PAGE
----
Glow-in-the-Dark Stars

Ashley Guadalupe and John Noé

Laser Teaching Center
Department of Physics & Astronomy
Stony Brook University


Introduction

The inspiration for this project came from a childhood experience. As a child, I was fascinated by glow-in-the-dark materials, and also by black lights. My mother had given me an astronomy book that came with many glow-in-the-dark stars of various shapes and colors. When I was about twelve years old, I was using my black light near one of my stars and I immediately noticed that the star's glow had significanly increased. I experimented with all my stars, and fund that the black light caused all of them to glow more brightly. This accidental discovery led to my interest in the effects of diverse light sources on glow-in-the-dark materials.

What I didn't know then was that stars can also be DE-activated by exposure to a light source!

What this project and report covers ....


Technical Background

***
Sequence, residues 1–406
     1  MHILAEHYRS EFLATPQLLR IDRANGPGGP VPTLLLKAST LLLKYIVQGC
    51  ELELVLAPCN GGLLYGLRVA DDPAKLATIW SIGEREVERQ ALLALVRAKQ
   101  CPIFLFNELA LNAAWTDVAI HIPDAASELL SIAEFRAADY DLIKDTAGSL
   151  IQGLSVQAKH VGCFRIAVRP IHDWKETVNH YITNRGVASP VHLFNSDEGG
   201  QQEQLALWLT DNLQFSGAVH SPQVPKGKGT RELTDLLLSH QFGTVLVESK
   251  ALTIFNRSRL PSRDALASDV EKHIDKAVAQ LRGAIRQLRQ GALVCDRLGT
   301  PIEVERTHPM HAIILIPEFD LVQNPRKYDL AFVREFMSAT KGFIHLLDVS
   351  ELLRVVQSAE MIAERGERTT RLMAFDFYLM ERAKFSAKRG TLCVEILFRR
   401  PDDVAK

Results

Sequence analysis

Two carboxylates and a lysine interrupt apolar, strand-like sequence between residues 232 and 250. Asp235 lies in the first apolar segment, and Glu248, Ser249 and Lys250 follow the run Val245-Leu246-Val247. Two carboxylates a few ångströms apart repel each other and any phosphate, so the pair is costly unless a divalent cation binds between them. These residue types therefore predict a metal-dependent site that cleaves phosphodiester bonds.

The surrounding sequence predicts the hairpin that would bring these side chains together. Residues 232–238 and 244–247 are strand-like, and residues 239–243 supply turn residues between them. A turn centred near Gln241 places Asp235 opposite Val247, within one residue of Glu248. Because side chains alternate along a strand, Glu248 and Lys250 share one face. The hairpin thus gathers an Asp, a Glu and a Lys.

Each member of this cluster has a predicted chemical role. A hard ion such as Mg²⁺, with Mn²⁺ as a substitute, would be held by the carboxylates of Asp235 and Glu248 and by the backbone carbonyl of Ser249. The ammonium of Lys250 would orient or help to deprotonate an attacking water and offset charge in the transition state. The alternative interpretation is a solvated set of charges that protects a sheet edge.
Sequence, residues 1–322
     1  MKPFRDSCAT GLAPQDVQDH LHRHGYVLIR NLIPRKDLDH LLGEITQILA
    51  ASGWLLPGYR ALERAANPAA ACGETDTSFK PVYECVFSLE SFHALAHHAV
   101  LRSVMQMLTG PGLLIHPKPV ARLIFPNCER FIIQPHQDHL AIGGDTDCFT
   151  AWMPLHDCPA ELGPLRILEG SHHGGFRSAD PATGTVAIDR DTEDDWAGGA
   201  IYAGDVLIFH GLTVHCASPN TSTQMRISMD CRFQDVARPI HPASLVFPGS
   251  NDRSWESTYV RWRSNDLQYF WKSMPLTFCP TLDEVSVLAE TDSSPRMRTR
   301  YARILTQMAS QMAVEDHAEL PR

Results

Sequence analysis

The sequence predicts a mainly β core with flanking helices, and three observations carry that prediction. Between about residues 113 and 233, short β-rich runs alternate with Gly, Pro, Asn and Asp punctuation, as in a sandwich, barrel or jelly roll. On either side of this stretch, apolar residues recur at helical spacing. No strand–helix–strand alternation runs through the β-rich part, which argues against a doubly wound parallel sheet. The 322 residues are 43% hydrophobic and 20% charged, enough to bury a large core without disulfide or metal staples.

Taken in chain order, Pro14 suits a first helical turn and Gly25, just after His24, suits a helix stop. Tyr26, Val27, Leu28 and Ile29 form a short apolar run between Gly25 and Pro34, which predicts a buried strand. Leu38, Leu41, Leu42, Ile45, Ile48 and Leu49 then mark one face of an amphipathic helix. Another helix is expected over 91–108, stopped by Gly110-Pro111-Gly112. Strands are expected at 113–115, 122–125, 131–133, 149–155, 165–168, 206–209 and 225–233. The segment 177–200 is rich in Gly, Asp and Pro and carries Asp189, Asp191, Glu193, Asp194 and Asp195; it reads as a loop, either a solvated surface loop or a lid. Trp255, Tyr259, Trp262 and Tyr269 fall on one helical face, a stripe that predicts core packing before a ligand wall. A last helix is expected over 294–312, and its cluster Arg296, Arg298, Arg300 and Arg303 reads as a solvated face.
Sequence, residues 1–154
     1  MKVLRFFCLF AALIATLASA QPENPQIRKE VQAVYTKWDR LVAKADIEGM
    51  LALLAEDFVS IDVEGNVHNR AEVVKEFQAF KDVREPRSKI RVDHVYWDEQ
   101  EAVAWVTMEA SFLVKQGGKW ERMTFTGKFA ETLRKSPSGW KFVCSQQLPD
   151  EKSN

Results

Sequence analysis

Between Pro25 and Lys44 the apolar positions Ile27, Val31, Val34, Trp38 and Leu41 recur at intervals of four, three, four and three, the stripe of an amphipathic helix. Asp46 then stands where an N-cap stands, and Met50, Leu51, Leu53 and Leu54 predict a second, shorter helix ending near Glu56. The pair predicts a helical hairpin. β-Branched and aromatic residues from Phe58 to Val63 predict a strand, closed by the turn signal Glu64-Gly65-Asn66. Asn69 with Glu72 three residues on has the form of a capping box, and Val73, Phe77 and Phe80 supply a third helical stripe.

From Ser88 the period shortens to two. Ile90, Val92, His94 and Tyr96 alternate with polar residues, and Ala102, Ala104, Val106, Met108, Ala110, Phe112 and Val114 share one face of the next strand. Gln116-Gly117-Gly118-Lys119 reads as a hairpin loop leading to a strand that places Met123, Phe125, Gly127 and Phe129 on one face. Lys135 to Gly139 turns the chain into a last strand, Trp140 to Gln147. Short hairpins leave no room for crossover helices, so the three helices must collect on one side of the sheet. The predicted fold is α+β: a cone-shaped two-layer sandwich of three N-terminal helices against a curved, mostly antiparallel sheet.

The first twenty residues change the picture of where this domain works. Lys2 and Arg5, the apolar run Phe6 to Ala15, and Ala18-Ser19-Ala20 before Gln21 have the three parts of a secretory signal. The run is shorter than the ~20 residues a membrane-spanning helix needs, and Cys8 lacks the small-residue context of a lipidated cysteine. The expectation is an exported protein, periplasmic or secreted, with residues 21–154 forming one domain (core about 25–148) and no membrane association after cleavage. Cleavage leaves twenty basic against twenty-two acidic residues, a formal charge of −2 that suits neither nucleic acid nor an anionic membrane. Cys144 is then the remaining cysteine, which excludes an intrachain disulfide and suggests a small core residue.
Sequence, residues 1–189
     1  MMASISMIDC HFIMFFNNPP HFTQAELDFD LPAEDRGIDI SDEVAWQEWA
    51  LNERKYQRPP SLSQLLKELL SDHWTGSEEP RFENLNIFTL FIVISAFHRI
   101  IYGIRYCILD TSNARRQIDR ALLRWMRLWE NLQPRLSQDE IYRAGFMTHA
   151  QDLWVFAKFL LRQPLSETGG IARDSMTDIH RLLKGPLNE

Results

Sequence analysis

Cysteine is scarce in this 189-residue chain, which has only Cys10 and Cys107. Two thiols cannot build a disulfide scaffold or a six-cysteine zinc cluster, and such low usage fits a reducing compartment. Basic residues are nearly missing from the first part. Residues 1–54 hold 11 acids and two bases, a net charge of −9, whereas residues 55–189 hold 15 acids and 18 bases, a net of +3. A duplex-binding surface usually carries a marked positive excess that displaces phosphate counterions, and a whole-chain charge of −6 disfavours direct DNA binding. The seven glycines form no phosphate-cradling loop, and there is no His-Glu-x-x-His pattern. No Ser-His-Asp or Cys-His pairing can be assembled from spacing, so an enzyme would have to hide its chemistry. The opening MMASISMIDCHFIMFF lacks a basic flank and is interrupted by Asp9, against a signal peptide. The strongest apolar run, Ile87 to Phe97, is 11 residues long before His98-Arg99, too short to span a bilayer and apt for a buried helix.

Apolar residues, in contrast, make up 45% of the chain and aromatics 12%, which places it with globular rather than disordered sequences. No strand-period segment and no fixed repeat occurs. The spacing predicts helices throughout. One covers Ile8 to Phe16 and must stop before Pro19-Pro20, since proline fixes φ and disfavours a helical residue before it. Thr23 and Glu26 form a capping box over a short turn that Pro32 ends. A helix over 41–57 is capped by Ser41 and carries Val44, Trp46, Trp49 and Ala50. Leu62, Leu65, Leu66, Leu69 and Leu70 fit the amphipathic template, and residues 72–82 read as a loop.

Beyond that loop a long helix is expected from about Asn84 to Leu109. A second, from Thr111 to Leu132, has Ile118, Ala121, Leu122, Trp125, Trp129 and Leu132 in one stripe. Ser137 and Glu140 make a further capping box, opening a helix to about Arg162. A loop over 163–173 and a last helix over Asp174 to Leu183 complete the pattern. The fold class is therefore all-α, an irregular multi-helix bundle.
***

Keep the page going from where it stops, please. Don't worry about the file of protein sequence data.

The technical term used to describe glow-in-the-dark material is photo luminescent. Luminescence is the light that is emitted by a object that Also called cold light .... See http://www.rsc.org/education/teachers/learnnet/inspirational/resources/7.4.pdf


Materials Used

Stars and light sources. Photodetector.

Bleaching

Bleaching has several important applications.

Dating

Radiation badges

http://www.osldosimetry.com/

Super-resolution microscopy

STED technique, see http://en.wikipedia.org/wiki/STED_microscopy

Decay Curve

The light decay curve answers the question: "how long do the stars glow?"


References

  1. Jill's report

  2. Don Klipstein's Web Site. http://members.misty.com/don/uvbulb.html#fl